JohninMK
JohninMK
1 month ago
Reply to  Jonathan

Given the timing, the move looks to be in response to Lithuania restricting some Russian goods allowed on their trains, by treaty from when Lithuania joined the EC, to/from Kaliningrad due to sanctions. This is a follow up to the announcement from Belarus in mid December 2021 that they would be pleased to host Russian nuclear weapons. Note that the Russians are not “handing” them over but are basing their weapons in Belarus, same as US nuclear weapons in Europe. It seems to apply to the Iskander and air-launched weapons. Its likely that there are suitable facilities in place left… Read more »

DMJ
DMJ
1 month ago
Reply to  JohninMK

We are still awaiting your condemnation of the Russian invasion and the war crimes of your so called army?

Airborne
Airborne
1 month ago
Reply to  JohninMK

A weak effort at trying to intimidate the west due to Putin having very few options left! Belarus, that honest, open, democratic country with the crack fighting force the Belarus military! Ha haaaaaaaa more desperate chuff as Russia is suffering no matter the Shite you push out! Any condemnation of Putins illegal invasion of Ukraine yet, before he hopefully dies?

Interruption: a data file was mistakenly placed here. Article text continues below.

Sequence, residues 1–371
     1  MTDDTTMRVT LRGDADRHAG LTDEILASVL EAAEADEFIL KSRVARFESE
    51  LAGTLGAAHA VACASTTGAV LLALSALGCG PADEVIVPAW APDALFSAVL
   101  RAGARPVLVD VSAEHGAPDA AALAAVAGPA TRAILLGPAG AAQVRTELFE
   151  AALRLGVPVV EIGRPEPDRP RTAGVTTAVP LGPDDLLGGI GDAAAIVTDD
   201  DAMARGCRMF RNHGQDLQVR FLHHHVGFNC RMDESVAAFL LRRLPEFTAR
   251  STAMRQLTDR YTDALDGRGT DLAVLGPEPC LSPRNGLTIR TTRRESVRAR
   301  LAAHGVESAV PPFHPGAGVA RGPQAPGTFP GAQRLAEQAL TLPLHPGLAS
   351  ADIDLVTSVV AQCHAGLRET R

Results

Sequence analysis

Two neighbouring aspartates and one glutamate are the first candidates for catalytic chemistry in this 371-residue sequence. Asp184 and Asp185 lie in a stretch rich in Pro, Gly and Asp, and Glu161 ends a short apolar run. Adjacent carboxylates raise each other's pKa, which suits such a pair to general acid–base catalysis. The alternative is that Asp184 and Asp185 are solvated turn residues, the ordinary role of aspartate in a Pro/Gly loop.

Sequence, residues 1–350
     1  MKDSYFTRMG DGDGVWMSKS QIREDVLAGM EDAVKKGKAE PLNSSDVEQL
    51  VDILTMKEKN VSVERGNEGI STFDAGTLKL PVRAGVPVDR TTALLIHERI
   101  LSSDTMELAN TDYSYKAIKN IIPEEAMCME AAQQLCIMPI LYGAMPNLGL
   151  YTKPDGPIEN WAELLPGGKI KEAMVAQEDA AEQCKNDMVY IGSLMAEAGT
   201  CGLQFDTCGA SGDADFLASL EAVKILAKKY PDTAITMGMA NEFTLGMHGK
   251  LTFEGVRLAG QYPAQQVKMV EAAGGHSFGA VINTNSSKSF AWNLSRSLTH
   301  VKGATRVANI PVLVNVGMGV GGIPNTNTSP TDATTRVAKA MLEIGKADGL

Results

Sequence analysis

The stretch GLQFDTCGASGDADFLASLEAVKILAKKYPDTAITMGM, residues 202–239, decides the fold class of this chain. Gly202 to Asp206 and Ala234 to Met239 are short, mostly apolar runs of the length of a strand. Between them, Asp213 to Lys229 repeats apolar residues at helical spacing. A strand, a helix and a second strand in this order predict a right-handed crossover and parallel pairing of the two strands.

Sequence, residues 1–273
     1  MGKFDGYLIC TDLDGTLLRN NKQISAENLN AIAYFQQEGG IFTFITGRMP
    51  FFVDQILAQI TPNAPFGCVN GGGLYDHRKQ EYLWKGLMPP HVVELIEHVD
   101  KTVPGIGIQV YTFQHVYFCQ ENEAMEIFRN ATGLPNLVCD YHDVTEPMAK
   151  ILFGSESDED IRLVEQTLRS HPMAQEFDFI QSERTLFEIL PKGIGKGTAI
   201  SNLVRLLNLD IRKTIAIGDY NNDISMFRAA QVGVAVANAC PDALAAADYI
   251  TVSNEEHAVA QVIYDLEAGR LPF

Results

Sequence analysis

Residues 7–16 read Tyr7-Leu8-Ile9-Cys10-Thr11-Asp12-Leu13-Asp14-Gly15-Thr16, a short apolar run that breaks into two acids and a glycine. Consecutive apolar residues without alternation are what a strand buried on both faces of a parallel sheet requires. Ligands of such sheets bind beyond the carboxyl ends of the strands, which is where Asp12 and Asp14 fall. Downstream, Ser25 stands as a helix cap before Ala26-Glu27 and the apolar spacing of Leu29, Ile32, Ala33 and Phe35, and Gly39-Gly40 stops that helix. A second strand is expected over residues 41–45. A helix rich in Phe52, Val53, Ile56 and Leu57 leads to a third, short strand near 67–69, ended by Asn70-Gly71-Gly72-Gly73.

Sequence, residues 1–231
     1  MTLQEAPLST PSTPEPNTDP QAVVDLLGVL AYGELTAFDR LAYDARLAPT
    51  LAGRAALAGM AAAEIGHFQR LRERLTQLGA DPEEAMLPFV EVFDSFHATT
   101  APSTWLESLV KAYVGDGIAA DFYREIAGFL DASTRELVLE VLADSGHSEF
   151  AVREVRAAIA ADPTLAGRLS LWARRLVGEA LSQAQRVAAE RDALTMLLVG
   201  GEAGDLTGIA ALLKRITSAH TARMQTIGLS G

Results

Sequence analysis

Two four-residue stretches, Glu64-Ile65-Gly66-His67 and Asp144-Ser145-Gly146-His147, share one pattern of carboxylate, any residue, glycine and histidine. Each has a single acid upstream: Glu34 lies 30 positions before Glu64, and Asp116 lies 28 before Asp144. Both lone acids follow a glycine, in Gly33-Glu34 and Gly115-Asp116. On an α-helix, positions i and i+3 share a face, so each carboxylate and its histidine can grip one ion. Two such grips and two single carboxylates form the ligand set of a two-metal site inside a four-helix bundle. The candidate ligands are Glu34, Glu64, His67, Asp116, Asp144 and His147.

Supportive Bloke
Supportive Bloke
1 month ago
Reply to  Airborne

Careful.

The Belarusian forces might be better than the Russian forces. It would be an achievement for them to be worse…..!!

Sean
Sean
1 month ago

Unbelievable as it sounds, they are actually worse 😳

Barry Larking
Barry Larking
1 month ago
Reply to  Sean

On a good day …

Last edited 1 month ago by Barry Larking
Airborne
Airborne
1 month ago

No way 😂😂👍

Sean
Sean
1 month ago
Reply to  JohninMK

Tell me John. Is it a case that you:
(a) approve of rape, torture and murder in general, or
(b) only approve when rape, torture, and murder is performed by Russian troops?

I ask because we’re all still waiting for you to condemn Russia’s war-crimes.

Barry Larking
Barry Larking
1 month ago
Reply to  Sean

Yes. We eagerly await John’s views on flattening civilian suburbs, strategic old people’s homes, hospitals, schools, bus stops (with or without piles of the dead and innocent) … Any day now. Waiting … Waiting …